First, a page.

In the 1960s, children of my generation rediscovered pulp fiction through the mass-market editions of Tarzan and John Carter of Mars, both written by Edgar Rice Burroughs. As an adult, while researching a book on pulp magazines, I reread Burroughs' work for the first time in decades and I was happy to learn that his work, like that of many of his contemporaries who wrote pulps, is just as inventive, energetic, and fun as the first time I experienced it. It's little wonder that mainstream culture has been so influenced by this kind of story-telling.
An illustrated scene from John Carter of Mars.
Everything in entertainment today -- from the new hit video game "L.A. Noire" and the world created by James Cameron in his blockbuster "Avatar" to upcoming films like next spring's "John Carter" -- bears the stamp of the pulps. Modern popular culture, especially film culture, is, in many ways, pulp culture.
Indeed, you already know the pulp aesthetic, even if not by name. It focuses on series characters whose situations never change; the use and exploitation of the exotic, whether racial, sexual, socioeconomic, or geographic; simple emotions strongly expressed; and, always, happy endings and good winning over evil. Sounds a lot like the Hollywood we know and love today, doesn't it?
Hollywood's favorite formula was first tested in comics and radio. With the rise in radio in the 1920s and the rise in comic books in the late 1930s, the number of stories influenced by the pulps skyrocketed and serialized, hero-centered plots became the standard for genre story-telling.
The surge was further fueled by a wave of new and very popular characters pulled from the pulps. Such heroes included Dr. Kildare, the Three Mesquiteers, and Stuart Webbs, among dozens of others. The majority of these new movie franchises were based on pre-existing characters and success wasn't just limited to the most popular ones. Even obscure print characters, like Frank Spearman's railroad detective Whispering Smith, inspired and carried movie franchises.
And then, of course, there was Edgar Rice Burroughs. In 1912 Burroughs' A Princess of Mars (the first John Carter novel) and Tarzan of the Apes (the first Tarzan novel) were both published as pulp serials, and then as novels. Burroughs was not the first to write a Planetary Romance story, nor the first to pen a Lost Race/man-raised-by-animals tale. Burroughs was not even the first to find success in writing popular examples of both.
Edgar Rice Burroughs. What set Burroughs apart was the scale of his success and the influence his work had on everyone who followed. Burroughs may not have invented ray guns, aliens employing human feudalism, humans being raised by impossibly intelligent and communicative animals, nor any of the other tropes and motifs -- now sci-fi clichés -- but he popularized them so successfully that his approach became not just the standard, but the archetypal approach for all sci-fi writers and directors since. Burroughs' approach to his stories -- efficient narration, constant forward momentum, and the story-as-pure-expression-of-id that critic John Clute called the "literalization of the dream" -- defines entertainment today. He catered to the readers' pleasure principle, a state of affairs recognizable to any modern movie-goer.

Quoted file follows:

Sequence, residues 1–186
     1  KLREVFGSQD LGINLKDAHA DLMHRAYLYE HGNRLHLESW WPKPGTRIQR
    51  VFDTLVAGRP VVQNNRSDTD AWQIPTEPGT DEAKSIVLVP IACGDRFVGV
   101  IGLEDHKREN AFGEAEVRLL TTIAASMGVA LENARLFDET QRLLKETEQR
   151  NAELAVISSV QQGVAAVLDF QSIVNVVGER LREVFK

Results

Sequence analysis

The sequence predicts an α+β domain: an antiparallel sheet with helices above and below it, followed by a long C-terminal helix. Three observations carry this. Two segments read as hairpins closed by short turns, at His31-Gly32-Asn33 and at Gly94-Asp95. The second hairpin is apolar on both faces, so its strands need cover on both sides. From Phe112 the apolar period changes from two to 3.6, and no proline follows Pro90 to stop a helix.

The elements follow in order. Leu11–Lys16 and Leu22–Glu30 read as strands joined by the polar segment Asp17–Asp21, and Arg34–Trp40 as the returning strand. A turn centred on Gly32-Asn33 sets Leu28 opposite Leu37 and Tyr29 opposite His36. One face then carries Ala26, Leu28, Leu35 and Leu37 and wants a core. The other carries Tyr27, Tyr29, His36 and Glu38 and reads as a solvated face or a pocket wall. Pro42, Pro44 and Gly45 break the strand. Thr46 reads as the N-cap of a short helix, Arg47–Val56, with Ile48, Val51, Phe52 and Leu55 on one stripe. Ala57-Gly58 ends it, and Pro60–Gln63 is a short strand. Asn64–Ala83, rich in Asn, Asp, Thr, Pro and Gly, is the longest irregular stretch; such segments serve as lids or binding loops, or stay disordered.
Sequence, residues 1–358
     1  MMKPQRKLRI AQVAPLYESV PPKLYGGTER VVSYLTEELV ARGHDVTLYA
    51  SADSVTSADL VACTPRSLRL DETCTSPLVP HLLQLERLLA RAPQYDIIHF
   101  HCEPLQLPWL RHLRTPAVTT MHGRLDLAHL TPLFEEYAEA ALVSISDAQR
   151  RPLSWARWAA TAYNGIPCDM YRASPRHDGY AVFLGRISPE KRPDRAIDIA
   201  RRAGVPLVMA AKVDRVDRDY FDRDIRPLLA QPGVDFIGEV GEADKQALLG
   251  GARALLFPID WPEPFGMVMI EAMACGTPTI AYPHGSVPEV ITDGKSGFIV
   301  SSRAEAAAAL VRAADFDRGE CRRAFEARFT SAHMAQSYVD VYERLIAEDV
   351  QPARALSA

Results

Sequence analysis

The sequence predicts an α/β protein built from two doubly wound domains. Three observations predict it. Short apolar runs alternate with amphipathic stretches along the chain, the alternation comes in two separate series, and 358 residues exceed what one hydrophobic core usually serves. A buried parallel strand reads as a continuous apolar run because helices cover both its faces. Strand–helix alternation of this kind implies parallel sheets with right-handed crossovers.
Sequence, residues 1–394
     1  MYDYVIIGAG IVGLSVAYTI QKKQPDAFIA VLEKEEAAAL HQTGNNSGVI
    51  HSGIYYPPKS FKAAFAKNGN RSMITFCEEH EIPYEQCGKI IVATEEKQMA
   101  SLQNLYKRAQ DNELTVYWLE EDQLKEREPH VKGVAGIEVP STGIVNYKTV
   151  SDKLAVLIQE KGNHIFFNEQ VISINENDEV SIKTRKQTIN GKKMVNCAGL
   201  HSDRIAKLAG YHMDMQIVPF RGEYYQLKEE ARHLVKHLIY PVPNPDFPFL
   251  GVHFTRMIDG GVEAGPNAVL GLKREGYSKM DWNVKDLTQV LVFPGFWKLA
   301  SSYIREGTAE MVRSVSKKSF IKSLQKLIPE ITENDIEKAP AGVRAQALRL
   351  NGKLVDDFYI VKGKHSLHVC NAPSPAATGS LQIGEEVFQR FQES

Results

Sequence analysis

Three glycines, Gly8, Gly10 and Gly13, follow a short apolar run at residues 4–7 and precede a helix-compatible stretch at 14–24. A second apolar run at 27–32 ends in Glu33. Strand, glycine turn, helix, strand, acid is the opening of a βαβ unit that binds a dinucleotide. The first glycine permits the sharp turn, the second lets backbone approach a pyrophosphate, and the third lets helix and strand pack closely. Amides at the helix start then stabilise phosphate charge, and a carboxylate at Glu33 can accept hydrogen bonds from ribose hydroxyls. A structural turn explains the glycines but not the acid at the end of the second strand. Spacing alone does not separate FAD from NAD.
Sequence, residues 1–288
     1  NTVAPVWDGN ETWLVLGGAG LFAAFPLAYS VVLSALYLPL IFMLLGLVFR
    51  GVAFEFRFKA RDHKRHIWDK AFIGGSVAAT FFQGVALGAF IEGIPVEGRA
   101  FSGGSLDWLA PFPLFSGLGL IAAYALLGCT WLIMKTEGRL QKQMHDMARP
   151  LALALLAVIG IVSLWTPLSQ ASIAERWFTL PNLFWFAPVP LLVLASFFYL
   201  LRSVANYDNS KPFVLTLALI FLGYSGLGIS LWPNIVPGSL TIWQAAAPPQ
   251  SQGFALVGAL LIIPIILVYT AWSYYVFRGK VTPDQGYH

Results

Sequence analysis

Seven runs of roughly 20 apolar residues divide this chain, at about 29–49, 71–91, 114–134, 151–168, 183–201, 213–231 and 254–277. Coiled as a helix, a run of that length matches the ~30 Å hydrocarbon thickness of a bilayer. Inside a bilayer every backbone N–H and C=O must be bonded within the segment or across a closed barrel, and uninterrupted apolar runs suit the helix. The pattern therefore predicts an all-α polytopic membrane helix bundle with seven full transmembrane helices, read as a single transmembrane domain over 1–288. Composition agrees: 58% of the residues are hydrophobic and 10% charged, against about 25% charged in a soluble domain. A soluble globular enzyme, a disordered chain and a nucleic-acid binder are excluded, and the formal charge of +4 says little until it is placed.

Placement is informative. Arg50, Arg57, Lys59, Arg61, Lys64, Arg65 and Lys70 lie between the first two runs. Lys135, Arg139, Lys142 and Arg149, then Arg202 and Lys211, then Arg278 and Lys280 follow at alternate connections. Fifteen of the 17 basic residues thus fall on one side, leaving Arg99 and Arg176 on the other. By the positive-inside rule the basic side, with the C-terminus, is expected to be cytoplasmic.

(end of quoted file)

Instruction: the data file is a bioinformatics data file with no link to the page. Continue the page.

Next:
Pulp-influenced films went in decline for a few decades before 1977, but then Hollywood saw the colossal success of "Star Wars" and the face of modern cinema forever changed. "Star Wars" is rightfully credited with having created the modern blockbuster, but it was also an embodiment of the pulp aesthetic. If, as is often said, "Star Wars" turned film away from the emphasis on character and theme toward the more adventurous and special effects-laden story arc -- a change felt in fiction, television, comics, and video games -- then it can also be said that "Star Wars" brought the pulp aesthetic back into the mainstream and made it more popular and more influential than ever.
Today, film and video games are the most culturally dominant story-telling forms, and both increasingly rely on comics and the pulps as the source of ideas and concepts. As evidence of this, Marvel Comics has partnered with Disney and DC Comics with Warner Brothers to deliver the pulp promise to an eager, worldwide film audience. The increasing emphasis and reliance on franchises and sequels, comic characters as the source of those franchises, the use of special effects, stunts, and action scenes -- all spring from the pulps and demonstrate the enduring influence of Edgar Rice Burroughs.
Burroughs' dreamscapes have become our dreamscapes.
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